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Reinvention continued for Harrison Medical Center
An aging population of both patients and doctors, a tendency to check into Seattle and Tacoma hospitals, and a need for funds to supplement care for indigent clients are some of the reasons Harrison Medical Center is looking to reinvent itself.
The hospital unveiled Vision 2010, a five-year strategic plan, in May focusing on the regional in the medical centers strive for redefining its community role.
Harrison also commissioned two firms for a master plan for possible facility expansion. Representatives from Rice, Fergus, Miller in Bremerton and the Seattle office of international architecture and design firm NBBJ, laid out a general overview of their study at a Kitsap Regional Coordinating Council meeting Tuesday morning.
Setting its sight on becoming the regions leading health care provider, Harrison will keep Kitsap County as its primary service area but will reach further out as well.
On the 11th of January I hope we begin to get a sense of what the vision would be like in three (options): Centralizing everything in Bremerton, centralizing everything in Silverdale, or centralizing everything somewhere else, Scott Bosch, Harrison president and CEO, told council members during the presentation.
Even when the master facilities plan, which intends to look ahead to 2030 and beyond, draws conclusions, any potential facility expansions will be implemented in phases. Harrison has $60 million the project set aside at this time, but $400 million is the likely sum for a complete facility renewal.
The planning process is not yet advanced enough for the architects to evaluate specific sites for potential new buildings but State Highway 3 was mentioned as providing easy access from all parts of the region.
Considering population and geography, Central Kitsap is the hub of the county. Adding to the equation is the fact Harrison Silverdale was designed to accommodate additional square footage.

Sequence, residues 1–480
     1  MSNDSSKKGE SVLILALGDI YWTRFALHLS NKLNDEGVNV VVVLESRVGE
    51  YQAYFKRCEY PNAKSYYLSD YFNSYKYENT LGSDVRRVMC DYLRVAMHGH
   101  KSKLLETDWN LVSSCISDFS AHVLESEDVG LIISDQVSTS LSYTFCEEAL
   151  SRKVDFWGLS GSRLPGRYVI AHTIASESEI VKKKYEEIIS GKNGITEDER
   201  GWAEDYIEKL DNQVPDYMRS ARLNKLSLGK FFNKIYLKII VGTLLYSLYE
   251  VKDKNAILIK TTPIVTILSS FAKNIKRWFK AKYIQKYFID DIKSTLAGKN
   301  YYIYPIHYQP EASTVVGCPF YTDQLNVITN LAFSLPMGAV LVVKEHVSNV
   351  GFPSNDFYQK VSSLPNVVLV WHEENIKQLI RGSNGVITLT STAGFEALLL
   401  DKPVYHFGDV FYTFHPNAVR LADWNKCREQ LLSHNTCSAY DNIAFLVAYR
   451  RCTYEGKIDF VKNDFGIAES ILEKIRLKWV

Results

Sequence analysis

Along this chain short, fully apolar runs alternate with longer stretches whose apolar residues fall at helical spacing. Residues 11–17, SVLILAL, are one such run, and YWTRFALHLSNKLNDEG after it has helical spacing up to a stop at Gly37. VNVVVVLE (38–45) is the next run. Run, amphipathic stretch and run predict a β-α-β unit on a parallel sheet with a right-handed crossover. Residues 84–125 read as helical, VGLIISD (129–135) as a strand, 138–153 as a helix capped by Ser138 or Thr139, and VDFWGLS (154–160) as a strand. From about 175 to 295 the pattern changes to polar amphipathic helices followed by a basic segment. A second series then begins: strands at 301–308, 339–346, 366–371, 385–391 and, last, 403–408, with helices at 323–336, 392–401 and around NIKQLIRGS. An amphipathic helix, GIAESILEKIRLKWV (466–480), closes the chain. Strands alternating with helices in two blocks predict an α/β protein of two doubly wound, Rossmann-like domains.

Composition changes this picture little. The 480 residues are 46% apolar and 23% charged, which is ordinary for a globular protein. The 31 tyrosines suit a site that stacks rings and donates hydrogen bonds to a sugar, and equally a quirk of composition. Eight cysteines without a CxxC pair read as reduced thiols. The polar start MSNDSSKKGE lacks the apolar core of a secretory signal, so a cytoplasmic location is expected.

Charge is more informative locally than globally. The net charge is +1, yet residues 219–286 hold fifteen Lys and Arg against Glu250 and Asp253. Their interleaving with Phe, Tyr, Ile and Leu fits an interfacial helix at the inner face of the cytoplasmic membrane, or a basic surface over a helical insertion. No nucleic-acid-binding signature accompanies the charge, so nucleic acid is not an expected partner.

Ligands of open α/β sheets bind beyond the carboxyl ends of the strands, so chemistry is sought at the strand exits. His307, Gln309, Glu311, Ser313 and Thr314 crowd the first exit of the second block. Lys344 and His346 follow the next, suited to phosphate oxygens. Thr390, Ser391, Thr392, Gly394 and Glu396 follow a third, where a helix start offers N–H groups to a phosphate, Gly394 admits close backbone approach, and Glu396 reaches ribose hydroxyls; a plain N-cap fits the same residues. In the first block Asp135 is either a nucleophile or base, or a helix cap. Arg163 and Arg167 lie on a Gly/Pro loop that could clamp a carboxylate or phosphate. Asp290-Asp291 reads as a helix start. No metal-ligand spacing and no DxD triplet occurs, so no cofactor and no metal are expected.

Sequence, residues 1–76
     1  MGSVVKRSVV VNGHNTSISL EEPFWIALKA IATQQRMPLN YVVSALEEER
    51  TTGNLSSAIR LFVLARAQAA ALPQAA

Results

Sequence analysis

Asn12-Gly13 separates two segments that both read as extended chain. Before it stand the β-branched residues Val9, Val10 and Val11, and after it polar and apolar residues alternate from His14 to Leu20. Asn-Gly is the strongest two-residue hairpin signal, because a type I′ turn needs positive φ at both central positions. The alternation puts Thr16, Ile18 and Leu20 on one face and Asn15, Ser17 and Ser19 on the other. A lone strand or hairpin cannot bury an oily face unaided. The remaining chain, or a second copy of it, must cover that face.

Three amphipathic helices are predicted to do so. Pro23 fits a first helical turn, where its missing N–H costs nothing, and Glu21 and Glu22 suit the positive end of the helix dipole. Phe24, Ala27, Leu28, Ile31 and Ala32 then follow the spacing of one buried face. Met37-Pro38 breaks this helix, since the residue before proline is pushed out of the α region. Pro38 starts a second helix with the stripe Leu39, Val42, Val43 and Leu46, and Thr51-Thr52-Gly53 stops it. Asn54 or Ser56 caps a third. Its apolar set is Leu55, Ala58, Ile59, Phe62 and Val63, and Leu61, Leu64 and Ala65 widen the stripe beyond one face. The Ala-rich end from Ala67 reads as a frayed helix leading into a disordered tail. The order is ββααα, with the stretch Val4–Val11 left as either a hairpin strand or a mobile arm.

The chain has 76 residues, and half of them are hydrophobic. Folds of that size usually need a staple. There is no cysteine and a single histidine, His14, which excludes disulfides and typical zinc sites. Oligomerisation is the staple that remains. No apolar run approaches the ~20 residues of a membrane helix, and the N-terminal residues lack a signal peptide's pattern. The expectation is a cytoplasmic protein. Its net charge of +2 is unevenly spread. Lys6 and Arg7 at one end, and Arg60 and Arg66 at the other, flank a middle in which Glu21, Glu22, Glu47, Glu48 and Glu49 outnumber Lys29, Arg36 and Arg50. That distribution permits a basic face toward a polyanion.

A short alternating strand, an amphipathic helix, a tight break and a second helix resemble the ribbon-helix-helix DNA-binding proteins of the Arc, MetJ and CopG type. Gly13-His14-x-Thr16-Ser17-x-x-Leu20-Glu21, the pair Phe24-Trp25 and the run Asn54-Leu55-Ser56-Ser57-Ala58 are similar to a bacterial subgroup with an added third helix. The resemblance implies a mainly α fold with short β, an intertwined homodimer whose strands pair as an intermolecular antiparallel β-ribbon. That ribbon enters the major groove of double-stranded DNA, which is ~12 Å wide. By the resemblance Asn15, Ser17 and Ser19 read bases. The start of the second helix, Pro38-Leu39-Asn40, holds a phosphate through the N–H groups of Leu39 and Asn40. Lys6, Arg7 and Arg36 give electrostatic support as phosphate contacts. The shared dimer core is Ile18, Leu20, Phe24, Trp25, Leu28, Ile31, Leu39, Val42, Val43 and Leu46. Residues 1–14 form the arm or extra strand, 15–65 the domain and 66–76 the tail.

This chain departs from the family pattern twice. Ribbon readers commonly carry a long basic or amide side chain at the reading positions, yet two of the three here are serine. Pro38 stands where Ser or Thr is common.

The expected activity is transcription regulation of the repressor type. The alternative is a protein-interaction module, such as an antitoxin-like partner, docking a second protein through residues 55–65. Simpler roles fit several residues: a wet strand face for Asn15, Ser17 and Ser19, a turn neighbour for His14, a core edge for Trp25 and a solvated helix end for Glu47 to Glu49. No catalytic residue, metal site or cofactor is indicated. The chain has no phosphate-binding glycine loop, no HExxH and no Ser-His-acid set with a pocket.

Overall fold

Under one model being reviewed, Harrison would become a hub and spokes medical center with one main campus and satellite facilities.
There are, however, other physical and regulatory criteria to consider before the master facilities plan can be made concrete.
Heres the dilemma, Bosch said. Gig Harbor (hospital) is getting built; competition forces in Seattle are growing.
Harrisons capacity is being challenged as well. These realities make the master facilities plan a timely endeavor.
Bosch gave an assurance the current East Bremerton Harrison facility would not be abandoned in a hub-spokes model. However, that building is landlocked in the midst of a mostly residential community, making improved access and any further expansion challenging, said spokeswoman Patti Hart in a phone interview.
Harrison administrators hope to improve their dialogue with the community and with physicians and other medical workers as well.
We have the least risky, most effective open heart surgery in the state and nobody knows it and its our fault, Bosch said at the presentation.
We also have to have the right facilities to attract and retain (staff), he added.
The master facilities plan is in its research phase. The next steering committee meetings with Harrison board of directors members, administrators and physicians, will be held Jan. 11 and Feb. 22.